Industry > Green

Mercedes-Benz has turned over 15 electric buses to Berlin

The eCitaro is the battery-electric version of the German bus

Who wouldn’t want to ride clean and quiet electric buses to work every day? PHOTO FROM MERCEDES-BENZ

There are plenty of good reasons car manufacturers are moving toward electric vehicles. The world must chase the drastic climate change deadlines in the Paris Agreement if we want any hope of a habitable planet. Poor air quality is an emergency-level disaster—dirty air killed 86,678 Filipinos in 2016. And at the end of the day, there is the simple writing on the wall: One day, we’re just going to run out of dinosaur juice to burn.

Yes, flashy electric cars catch a lot of attention—especially among readers of this website—but there are also many reasons to get excited about electrifying another vehicle, the humble public-transit bus. While 1,000 electric cars can eliminate demand for 15 barrels of oil per day, 1,000 electric buses on the road can wipe out demand for up to 500 barrels of oil per day. In fact, the total oil demand displaced by electric buses more than triples the demand displaced by all electric passenger vehicles.

With electric buses holding so much potential, we’re especially excited to see a respected auto firm like Mercedes-Benz get into the fray. Just this week, the company announced the eCitaro, its own entry into the battery-electric bus arena. Touted as the first bus with “zero local emissions,” the eCitaro has a claimed range of 150km in real-world conditions, and its maker boasts that it can serve that range in complete silence—another boon for residents of dense, crowded cities.

A thousand electric buses on the road can wipe out demand for up to 500 barrels of oil per day

In addition to its impressive electric drive attributes, the eCitaro comes standard with many quality-of-life features found on modern buses, such as CCTV cameras for security, monitor screens for passenger convenience, wheelchair ramps for accessibility, and USB ports for charging personal devices. The eCitaro is the latest in the bus lineage started by the original Mercedes-Benz Citaro bus in 1997, which stepped into electric technology with hybrid buses in 2010. The eCitaro is the first fully electric bus produced by Mercedes-Benz, which looks to challenge market leaders (such as BYD of China) in this sphere.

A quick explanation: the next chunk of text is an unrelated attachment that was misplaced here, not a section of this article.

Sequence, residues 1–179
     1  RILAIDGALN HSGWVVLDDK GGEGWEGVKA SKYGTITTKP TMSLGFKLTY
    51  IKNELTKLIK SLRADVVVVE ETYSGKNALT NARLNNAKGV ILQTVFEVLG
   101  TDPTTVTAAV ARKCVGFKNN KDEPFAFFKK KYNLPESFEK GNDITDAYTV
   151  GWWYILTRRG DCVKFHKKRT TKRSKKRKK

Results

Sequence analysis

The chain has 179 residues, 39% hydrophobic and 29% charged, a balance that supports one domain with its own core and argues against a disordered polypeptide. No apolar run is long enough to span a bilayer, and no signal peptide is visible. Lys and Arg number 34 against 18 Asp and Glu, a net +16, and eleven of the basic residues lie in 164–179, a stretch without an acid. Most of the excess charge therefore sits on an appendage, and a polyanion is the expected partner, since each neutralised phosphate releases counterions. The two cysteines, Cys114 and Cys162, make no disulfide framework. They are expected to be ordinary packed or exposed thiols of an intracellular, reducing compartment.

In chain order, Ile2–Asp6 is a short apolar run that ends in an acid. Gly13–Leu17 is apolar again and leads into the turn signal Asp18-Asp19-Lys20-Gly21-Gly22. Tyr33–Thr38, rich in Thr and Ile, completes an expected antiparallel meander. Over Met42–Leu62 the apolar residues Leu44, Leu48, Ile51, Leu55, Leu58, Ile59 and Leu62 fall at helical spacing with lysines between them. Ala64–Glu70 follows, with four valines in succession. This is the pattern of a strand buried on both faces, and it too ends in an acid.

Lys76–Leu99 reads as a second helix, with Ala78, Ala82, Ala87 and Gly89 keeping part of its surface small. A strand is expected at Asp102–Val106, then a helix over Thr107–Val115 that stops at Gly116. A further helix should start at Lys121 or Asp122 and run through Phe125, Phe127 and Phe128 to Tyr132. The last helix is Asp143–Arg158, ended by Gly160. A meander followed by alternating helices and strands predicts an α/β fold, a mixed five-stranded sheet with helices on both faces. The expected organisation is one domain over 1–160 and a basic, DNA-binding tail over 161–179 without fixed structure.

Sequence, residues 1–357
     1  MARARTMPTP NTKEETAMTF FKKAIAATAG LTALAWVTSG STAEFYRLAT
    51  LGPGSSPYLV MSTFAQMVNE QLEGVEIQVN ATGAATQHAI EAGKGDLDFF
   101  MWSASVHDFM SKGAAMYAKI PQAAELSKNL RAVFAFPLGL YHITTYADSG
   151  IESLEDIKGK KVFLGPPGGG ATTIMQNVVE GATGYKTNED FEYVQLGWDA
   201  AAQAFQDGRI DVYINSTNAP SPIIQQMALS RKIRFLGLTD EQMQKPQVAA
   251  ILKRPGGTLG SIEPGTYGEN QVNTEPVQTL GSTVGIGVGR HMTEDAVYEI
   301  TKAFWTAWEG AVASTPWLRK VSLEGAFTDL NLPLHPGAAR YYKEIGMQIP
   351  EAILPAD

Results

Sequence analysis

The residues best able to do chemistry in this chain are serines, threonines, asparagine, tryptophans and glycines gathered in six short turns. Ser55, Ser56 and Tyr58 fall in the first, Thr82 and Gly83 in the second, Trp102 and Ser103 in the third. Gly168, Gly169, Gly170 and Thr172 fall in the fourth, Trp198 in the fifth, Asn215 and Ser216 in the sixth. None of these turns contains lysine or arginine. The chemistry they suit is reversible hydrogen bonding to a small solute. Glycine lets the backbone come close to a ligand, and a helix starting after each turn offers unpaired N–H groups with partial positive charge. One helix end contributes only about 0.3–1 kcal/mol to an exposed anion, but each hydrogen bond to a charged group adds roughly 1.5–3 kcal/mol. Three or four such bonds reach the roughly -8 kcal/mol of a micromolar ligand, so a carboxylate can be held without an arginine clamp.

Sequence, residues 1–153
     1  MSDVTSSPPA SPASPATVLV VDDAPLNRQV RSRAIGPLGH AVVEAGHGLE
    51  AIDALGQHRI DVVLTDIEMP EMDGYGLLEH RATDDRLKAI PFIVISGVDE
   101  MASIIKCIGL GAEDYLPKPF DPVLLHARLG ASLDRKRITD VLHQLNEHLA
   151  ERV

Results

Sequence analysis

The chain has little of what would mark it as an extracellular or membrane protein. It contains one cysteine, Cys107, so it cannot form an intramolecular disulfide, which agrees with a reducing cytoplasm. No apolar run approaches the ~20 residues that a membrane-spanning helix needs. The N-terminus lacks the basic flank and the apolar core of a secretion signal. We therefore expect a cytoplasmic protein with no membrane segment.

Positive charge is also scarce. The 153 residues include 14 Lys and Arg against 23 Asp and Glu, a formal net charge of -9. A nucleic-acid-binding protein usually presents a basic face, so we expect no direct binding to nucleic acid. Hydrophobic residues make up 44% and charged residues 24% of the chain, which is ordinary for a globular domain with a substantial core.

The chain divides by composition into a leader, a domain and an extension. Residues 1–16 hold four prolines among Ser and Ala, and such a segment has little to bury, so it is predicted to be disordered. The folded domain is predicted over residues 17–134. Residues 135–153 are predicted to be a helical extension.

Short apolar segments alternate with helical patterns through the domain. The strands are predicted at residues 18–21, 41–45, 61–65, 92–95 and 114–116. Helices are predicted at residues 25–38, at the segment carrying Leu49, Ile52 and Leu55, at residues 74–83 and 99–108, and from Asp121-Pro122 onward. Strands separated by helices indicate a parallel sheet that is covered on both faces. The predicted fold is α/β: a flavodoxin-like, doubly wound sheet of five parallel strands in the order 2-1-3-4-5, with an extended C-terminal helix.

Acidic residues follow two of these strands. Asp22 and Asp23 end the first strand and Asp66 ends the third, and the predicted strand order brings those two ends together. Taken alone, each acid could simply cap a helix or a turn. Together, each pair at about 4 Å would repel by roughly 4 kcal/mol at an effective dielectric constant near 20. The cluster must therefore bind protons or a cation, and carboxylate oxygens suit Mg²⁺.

The first recipient of the eCitaro is BVG, the public-transport agency of the city of Berlin. BVG, which is already famously progressive for its “semi-honesty” public-transit system, has received 15 eCitaro buses that will now ply the German capital.

Filipino commuters deserve world-class, environment-friendly public-utility buses. PHOTO FROM MERCEDES-BENZ

Could we see this (or something similar) in the Philippines soon? There’s potential, but in order to make these vehicles commonplace, we may have to do something about the high cost of electricity in the country. Expensive power has prevented our operators from voluntarily shifting to electric PUVs like their counterparts have done in other territories. As a matter of fact, Germany, the home of the eCitaro, is one of the renewable energy capitals of the world. Perhaps that’s another cue we can take from them. Another way to encourage the use of electric buses would be for cities in the Philippines to set up “green zones,” where fossil-fuel vehicles would be completely banned. Finally, the Philippines could simply set a deadline, after which the country would not allow the sale of fossil-fuel public-transport vehicles. This could be as early as 2030, for example.

Of course, many will rightfully say that we have lower-order concerns to settle in our bus operation, such as the unjust quota and boundary systems, among others. But with buses like the eCitaro on the horizon, even commuters as tortured as ours can have something to look forward to.

R. Anthony Siy

Robert is a transportation expert. As in he has a degree in Transport Economics. So yes, you can trust his thoughts on public conveyance. He believes that smarter policy and planning can make cities better for motorists and nonmotorists alike. He pens the ‘Passenger’ column.